The Volcano Adventure Guide: Excellent information and background for anyone wishing to visit active volcanoes safely and enjoyably. The book presents guidelines to visiting 42 different volcanoes around the world.
Volcán Ceboruco is the only historically active volcano in the NW part of the Mexican Volcanic Belt. It is located near the triple junction between the North American, Cocos and Pacific tectonic plates.
Ceboruco is a complex stratovolcano that rises 1100 m above the flat floor of the NW-SE trending Tepic graben. It is composed primarily of trachydacite to trachyandesite lava flows alternating with tephra deposits, reflecting a complex history of constructive (effusive) and destructive (explosive) phases. It contains about 15 basaltic and andesitic cinder cones and lava flows that erupted along a NW-SE-trending line.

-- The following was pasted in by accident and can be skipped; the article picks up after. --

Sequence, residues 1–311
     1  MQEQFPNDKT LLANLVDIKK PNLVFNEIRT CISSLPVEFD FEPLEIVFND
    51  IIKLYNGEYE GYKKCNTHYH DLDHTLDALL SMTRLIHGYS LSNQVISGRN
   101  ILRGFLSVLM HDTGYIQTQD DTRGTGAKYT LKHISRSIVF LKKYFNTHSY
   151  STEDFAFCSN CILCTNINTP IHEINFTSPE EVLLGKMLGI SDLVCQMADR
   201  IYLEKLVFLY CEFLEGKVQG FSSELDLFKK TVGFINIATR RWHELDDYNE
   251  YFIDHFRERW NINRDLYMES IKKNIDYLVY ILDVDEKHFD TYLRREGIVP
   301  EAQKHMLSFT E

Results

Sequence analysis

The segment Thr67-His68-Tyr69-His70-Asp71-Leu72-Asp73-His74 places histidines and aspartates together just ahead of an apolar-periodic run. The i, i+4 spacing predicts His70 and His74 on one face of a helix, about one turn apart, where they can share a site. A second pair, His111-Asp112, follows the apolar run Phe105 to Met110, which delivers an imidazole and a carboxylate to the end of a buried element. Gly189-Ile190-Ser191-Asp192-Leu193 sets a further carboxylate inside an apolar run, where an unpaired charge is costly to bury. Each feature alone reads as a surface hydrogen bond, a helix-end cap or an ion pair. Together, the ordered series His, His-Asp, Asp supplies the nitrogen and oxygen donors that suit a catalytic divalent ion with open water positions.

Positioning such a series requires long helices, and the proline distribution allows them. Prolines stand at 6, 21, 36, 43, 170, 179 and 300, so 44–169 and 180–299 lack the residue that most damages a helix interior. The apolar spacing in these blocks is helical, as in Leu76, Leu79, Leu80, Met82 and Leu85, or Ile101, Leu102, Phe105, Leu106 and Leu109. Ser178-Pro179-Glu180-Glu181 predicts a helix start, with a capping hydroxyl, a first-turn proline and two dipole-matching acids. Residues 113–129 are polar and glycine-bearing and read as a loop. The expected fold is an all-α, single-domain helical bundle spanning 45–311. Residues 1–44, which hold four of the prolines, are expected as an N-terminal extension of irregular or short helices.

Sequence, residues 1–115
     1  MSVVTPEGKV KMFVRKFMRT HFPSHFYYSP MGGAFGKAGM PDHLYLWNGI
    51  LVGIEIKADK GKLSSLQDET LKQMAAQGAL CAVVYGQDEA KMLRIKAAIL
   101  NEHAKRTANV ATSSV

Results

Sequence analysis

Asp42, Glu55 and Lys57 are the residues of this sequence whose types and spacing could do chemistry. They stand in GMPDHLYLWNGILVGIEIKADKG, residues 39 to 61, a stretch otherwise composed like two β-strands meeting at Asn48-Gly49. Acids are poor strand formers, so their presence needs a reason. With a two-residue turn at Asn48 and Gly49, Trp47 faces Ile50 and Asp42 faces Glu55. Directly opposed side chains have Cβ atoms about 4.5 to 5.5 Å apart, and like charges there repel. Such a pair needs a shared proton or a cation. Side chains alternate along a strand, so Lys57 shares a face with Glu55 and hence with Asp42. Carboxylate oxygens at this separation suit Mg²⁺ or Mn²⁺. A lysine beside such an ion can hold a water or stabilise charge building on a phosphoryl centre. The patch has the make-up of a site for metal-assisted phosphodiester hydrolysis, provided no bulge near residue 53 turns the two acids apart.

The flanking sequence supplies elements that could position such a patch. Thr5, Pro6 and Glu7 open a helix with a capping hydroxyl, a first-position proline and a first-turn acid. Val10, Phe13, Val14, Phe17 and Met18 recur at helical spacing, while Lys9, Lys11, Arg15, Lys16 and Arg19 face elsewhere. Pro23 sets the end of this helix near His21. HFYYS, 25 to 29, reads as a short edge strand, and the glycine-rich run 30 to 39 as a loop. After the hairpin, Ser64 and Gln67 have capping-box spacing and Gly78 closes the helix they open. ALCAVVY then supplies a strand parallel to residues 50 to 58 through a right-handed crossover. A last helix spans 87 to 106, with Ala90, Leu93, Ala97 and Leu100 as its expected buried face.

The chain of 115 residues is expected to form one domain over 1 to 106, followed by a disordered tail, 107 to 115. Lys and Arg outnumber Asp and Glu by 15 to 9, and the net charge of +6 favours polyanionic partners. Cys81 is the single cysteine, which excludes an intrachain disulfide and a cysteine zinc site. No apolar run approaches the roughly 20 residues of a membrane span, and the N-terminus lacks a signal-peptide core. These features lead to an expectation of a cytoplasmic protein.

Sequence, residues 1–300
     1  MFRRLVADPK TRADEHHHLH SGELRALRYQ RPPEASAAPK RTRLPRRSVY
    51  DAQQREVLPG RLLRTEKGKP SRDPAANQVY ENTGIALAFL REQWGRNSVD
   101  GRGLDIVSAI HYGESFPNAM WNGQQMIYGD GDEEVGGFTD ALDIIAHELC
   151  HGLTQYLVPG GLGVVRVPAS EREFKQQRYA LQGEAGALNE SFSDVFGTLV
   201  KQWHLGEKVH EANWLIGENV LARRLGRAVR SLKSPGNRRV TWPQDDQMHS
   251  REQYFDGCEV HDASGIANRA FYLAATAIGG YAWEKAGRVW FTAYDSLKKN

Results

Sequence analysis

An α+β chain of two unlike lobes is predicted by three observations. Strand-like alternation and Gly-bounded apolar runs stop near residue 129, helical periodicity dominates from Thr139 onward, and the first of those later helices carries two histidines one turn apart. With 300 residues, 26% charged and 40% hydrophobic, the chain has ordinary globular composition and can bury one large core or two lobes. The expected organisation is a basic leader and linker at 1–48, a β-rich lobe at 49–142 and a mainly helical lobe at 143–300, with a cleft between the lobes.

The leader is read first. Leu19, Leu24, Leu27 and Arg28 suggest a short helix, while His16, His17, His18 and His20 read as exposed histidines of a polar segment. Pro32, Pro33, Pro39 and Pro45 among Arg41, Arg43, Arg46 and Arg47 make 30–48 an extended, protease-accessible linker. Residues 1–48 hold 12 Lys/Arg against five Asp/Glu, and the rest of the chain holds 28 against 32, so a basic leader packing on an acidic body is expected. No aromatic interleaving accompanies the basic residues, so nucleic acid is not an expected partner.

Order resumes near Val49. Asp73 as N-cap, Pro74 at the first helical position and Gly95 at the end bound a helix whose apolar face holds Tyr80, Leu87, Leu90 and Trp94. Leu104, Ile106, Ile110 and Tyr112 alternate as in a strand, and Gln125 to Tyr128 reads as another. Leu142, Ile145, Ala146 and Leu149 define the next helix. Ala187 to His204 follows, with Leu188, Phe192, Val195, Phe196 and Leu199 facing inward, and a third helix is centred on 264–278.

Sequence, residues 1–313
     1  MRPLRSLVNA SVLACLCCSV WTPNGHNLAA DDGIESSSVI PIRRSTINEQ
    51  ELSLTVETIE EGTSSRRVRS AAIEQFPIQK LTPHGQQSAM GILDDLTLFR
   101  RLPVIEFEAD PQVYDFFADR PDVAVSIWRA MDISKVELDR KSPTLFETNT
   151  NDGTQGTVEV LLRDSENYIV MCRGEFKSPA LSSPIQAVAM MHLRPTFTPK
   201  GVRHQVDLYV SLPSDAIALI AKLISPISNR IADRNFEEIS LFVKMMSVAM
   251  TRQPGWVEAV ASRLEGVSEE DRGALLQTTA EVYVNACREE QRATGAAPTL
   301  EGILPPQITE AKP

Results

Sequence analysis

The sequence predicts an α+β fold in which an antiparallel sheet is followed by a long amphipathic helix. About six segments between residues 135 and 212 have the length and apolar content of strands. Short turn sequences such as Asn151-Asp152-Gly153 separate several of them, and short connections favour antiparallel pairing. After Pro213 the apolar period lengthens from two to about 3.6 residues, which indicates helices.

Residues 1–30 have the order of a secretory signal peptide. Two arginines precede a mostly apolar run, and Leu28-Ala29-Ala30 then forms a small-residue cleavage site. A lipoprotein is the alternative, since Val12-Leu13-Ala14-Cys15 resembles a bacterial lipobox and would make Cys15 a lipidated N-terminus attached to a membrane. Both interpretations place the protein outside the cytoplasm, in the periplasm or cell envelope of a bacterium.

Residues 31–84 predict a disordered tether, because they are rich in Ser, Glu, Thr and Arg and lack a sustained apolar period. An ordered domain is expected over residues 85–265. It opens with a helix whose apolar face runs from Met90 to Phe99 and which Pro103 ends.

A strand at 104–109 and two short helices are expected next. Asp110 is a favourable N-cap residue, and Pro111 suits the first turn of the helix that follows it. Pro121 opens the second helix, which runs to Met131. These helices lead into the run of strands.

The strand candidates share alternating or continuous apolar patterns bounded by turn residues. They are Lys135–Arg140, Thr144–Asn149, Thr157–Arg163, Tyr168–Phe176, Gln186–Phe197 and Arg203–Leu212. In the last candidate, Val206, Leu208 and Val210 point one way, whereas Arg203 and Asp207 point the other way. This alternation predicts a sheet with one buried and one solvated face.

Ceboruco has 2 concentric summit calderas, the outer of which is 4 km in diameter and formed during the major rhyodacitic Jala Pumice eruption about 1000 years ago, which was the largest explosive eruption in Mexico during the past 10,000 years.
The last eruption of Ceboruco took place during 1870-75. Explosive eruptions occurred from a vent on the upper west flank and were followed by the extrusion of a 1.1 cu km dacitic lava flow that covers a large area on the lower western flank.
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